Dr. Thomas R. Holtz, Jr. is Principal Lecturer in Vertebrate Paleontology at the University of Maryland and a Research Associate in the Department of Paleobiology at the Smithsonian's National Museum of Natural History. He is the Faculty Director of the College Park Scholars-Science & Global Change program (a two-year living-learning program). In addition to his research work, he has published several books for the general audience (including the award-winning Dinosaurs; The Most Complete Up-To-Date Guide for Dinosaur Lovers of All Ages) and has been an expert for numerous documentaries and consultant for various museum exhibits.

Saturday, January 14, 2017
1:30 pm

National Science Foundation, Room 110
4201 Wilson Blvd, Arlington, VA
(Ballston-MU Metro stop)
Enter NSF from the corner of 9th St. N & N Stuart Streets.

FREE admission – Everyone welcome, members and non-members

Thursday, December 01, 2016

December 10 - Nuclear Accidents Lessons Learned from Three Mile Island, Chernobyl, and Fukushima

Presented by Brian W. Sheron, Ph.D.

In this talk, Dr. Sheron will provide a brief description of the three reactors (Three Mile Island,  Chernobyl, and Fukushima), and what caused each accident, along with a brief description of the consequences. He will conclude with a discussion of a recent analytical study done by the U.S. Nuclear Regulatory Commission that estimates the consequences  of a core melt accident at a U.S. nuclear plant, if one were to occur today.

Brian W. Sheron recently retired, after over 42 years of Federal service, as the Director of the U.S. Nuclear Regulatory Commission’s Office of Nuclear Regulatory Research. He was appointed to that position on May 1st, 2006. Prior to his appointment, Dr. Sheron held numerous technical management positions at the NRC in both the research and regulatory areas. He is the author of over 22 papers on various subjects pertaining to commercial nuclear power safety. He recently served as Chairman of the Committee for the Safety of Nuclear Installations (CSNI).

Dr. Sheron received a B.S. degree in Electrical Engineering from Duke University in 1969 and Masters and Doctorate degrees in 1971 and 1975 respectively from The Catholic University of America under a full scholarship from the Atomic Energy Commission.

Dr. Sheron was actively involved with the U.S. Government’s response to the accident at the Three Mile Island Unit Two nuclear plant in March of 1979, the accident at Chernobyl in 1986, and most recently the accident at the Fukushima Daiichi nuclear plants in Japan in 2011.

Saturday, December 10, 2016
1:30 pm

National Science Foundation, Room 110
4201 Wilson Blvd, Arlington, VA
(Ballston-MU Metro stop)
Enter NSF from the corner of 9th St. N & N Stuart Streets.

FREE admission – Everyone welcome, members and non-members

Wednesday, November 30, 2016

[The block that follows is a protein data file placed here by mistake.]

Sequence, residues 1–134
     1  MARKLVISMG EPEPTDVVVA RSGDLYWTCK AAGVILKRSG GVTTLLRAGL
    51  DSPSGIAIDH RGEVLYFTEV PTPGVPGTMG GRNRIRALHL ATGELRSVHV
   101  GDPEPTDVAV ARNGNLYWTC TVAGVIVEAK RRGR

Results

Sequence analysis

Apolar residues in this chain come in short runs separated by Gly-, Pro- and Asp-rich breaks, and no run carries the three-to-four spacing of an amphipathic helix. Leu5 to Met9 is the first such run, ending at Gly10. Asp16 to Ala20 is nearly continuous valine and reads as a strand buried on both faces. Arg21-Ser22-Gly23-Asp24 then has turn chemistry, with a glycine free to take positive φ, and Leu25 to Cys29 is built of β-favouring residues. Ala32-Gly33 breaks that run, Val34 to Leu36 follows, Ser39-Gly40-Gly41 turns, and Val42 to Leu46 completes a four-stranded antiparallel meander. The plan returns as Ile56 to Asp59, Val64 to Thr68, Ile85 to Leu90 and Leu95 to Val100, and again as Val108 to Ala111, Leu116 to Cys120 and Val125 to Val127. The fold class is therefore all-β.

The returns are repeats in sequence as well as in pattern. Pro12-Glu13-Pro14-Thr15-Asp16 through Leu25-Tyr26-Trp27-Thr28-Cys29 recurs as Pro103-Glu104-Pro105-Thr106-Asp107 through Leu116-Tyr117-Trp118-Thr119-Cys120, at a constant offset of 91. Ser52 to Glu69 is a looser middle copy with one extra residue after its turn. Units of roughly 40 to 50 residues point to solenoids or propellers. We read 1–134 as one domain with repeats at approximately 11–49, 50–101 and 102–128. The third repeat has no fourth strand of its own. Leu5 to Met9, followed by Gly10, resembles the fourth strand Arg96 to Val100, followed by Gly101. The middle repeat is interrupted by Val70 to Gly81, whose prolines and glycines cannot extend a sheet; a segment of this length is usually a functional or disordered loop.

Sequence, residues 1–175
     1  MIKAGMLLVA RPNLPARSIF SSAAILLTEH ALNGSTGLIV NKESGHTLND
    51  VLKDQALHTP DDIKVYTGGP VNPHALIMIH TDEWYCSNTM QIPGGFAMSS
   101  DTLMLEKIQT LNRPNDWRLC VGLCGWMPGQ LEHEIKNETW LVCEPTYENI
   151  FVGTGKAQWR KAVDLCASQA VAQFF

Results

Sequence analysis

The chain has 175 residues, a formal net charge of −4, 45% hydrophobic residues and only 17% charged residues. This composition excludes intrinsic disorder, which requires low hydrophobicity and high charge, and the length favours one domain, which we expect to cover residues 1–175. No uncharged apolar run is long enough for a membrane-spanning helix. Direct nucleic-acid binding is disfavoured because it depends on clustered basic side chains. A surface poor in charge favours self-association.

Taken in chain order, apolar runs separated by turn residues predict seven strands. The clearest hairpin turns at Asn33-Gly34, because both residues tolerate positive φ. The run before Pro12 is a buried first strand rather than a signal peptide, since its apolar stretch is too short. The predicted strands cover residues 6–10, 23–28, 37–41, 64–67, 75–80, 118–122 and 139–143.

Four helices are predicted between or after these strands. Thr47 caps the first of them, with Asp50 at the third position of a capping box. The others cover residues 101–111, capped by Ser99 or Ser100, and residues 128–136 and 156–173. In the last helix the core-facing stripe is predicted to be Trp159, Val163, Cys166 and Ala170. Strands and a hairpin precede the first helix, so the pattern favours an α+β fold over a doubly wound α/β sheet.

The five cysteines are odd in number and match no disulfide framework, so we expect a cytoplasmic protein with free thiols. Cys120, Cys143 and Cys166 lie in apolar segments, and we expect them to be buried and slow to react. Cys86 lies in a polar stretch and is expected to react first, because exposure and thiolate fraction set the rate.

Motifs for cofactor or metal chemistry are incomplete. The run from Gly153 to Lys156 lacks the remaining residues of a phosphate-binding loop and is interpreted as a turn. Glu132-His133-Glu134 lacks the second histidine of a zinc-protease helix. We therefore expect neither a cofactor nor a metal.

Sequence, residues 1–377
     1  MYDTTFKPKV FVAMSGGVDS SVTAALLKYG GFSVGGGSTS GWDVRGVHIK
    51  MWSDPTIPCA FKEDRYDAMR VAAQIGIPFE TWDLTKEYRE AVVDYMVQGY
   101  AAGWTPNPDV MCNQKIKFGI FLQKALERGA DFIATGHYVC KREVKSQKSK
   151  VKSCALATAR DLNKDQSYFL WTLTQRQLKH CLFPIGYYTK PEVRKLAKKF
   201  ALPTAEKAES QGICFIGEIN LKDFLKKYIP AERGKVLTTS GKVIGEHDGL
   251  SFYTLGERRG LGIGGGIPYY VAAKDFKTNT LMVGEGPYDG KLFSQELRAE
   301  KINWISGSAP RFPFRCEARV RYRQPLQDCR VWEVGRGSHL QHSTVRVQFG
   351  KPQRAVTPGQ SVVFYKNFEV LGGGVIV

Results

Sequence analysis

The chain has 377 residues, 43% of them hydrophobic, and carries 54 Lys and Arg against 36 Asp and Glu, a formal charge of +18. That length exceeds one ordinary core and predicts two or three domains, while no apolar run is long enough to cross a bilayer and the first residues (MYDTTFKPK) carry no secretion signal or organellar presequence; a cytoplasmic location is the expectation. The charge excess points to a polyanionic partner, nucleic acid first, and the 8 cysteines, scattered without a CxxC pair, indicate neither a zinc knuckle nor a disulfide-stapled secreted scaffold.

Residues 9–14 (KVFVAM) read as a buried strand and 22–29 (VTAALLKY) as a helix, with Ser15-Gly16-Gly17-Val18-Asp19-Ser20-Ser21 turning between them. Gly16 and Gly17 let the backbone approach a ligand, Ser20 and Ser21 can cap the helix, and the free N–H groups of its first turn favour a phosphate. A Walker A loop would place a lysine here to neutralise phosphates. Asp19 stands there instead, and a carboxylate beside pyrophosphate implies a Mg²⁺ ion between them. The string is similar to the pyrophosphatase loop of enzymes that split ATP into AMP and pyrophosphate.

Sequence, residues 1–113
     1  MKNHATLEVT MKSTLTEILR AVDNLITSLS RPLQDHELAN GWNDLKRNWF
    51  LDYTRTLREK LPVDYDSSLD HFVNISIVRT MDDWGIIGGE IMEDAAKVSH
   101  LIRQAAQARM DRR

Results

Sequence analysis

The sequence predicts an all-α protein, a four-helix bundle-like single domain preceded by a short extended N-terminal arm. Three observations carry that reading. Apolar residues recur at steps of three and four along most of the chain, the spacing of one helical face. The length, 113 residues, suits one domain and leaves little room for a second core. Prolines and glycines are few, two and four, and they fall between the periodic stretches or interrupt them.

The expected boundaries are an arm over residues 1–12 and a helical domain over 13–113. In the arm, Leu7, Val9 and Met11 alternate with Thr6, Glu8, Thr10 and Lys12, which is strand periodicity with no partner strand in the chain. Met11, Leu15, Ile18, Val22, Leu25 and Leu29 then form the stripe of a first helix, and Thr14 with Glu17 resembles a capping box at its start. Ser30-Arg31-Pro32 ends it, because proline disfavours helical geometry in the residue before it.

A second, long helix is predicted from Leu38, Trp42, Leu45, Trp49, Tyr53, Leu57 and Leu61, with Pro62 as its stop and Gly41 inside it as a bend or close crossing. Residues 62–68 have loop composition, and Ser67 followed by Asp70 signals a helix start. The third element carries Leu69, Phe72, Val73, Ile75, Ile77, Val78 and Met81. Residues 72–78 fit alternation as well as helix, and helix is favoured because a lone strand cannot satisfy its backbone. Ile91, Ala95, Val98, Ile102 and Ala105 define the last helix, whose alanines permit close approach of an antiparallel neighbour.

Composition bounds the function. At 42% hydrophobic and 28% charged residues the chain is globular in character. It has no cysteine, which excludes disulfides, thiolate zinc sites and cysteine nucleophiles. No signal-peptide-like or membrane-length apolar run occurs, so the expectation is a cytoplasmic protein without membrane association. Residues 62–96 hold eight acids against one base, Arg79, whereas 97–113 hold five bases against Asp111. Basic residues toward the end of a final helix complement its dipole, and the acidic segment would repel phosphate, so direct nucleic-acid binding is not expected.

Shadow of a Doubt - November 2016

 The Monthly Calendar of the National Capital Area Skeptics
  • November 12 - "Debunking the Nonobot"by Quinn Spadola
  • December 10 - Nuclear Accidents: Lessons Learned from Three Mile Island, Chernobyl, and Fukushima
  • The Fiction of Memory
  • Recap of the "I Ain't Afraid of No Ghost!" Tour 
  • Torn from today's headlines
  • AmazonSmile: Thanks to our members who are supporting NCAS!
  • Shadow Light
  • Drinking Skeptically on hiatus
  • Member renewals
NCAS Public Lecture Series

Debunking the Nanobot
Quinn Spadola, PhD, MFA
Program Manager for Education and Outreach
IITRI Inc, Contract Staff
National Nanotechnology Coordination Office

Saturday, November 12, 1:30pm - 4:00pm
National Science Foundation, Room 110
4201 Wilson Boulevard
Arlington, VA [map] [directions]
(Ballston-Marymount University Metro stop)
Enter NSF from the corner of 9th N & N Stuart Streets.

FREE admission – Everyone welcome, members and non-members

Self-replicating, sentient, consuming, or creating, nanobots are a popular tool in science fiction to explain fantastical abilities or threats worse than death. But what is the reality?

What is a nanobot? What might they be able to do? Scientists and engineers can't even agree on a definition for a nanobot–does the entire robot need to fit at the nanoscale or does it just have nanoscale components? Does that make your smart phone a nanobot? Artistic renditions of nanobots feed into ideas of spidery machines patrolling (or, perhaps, controlling) our bodies. Some scientists envision nanobots safeguarding our environment, removing pollutants, and monitoring exposure. Others are trying to harness nature's nanobots and use viruses to do our bidding. The hype around nanobots and the natural inclination to assign them agency can lead to outlandish ideas about what nanotechnology will be capable of delivering, but does it hurt to dream of manufactured nanobots?

Quinn Spadola is a biophysicist who discovered her love of science education and outreach while completing her PhD. After receiving her doctorate, Dr. Spadola entered the Science and Natural History Filmmaking program at Montana State University. She was an AAAS Science & Technology Policy Fellow in the National Nanotechnology Coordination Office from 2014 to 2016 and joined the contract staff in September 2016. There she works to build community around the National Nanotechnology Initiative, create engaging nanotechnology-themed content, and share the awesomeness of nanotechnology.